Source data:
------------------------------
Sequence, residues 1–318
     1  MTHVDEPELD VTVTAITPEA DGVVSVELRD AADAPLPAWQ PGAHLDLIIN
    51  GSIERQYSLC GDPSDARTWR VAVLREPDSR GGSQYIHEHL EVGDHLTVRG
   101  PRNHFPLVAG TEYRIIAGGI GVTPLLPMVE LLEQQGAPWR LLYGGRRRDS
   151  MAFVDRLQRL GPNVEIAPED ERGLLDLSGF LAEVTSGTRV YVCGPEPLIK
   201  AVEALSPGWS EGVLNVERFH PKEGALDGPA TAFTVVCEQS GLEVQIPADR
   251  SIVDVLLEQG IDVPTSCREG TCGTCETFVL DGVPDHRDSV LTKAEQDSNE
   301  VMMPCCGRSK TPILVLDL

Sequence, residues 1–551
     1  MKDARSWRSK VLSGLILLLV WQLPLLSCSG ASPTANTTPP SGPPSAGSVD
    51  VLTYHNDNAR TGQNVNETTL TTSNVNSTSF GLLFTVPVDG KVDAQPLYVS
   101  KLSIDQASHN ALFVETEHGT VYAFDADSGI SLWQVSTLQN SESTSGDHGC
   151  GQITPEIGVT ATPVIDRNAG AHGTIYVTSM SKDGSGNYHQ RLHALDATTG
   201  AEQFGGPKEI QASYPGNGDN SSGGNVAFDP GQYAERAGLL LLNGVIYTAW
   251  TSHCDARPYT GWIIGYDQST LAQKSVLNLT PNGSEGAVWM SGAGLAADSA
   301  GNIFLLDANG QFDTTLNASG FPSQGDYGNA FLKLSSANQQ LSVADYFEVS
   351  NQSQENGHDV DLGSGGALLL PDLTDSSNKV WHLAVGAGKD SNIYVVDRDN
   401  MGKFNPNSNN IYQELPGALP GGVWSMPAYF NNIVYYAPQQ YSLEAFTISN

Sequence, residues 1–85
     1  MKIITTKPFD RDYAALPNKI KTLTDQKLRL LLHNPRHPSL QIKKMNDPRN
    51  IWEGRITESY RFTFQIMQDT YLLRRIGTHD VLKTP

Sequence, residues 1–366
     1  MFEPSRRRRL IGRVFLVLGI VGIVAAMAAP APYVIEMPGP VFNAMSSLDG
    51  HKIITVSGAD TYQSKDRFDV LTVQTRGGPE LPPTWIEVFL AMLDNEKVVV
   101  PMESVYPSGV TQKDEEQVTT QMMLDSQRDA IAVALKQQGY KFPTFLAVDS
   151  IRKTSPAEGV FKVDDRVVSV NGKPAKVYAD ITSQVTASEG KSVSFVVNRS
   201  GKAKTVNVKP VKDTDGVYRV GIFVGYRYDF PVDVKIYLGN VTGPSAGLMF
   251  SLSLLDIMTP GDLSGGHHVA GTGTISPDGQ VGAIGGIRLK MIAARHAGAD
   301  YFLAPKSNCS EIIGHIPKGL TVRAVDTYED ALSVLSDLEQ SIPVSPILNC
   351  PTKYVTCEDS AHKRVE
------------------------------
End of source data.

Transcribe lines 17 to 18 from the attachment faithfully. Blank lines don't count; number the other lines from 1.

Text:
   351  NQSQENGHDV DLGSGGALLL PDLTDSSNKV WHLAVGAGKD SNIYVVDRDN
   401  MGKFNPNSNN IYQELPGALP GGVWSMPAYF NNIVYYAPQQ YSLEAFTISN